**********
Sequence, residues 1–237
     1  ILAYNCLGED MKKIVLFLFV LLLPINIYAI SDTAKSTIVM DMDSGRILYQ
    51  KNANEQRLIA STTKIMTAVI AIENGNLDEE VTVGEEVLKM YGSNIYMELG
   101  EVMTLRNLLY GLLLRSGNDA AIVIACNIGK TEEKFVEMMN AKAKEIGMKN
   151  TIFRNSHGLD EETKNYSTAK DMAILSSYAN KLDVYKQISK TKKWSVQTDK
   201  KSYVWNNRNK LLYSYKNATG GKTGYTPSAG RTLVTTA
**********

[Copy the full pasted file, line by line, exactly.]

Sequence, residues 1–237
     1  ILAYNCLGED MKKIVLFLFV LLLPINIYAI SDTAKSTIVM DMDSGRILYQ
    51  KNANEQRLIA STTKIMTAVI AIENGNLDEE VTVGEEVLKM YGSNIYMELG
   101  EVMTLRNLLY GLLLRSGNDA AIVIACNIGK TEEKFVEMMN AKAKEIGMKN
   151  TIFRNSHGLD EETKNYSTAK DMAILSSYAN KLDVYKQISK TKKWSVQTDK
   201  KSYVWNNRNK LLYSYKNATG GKTGYTPSAG RTLVTTA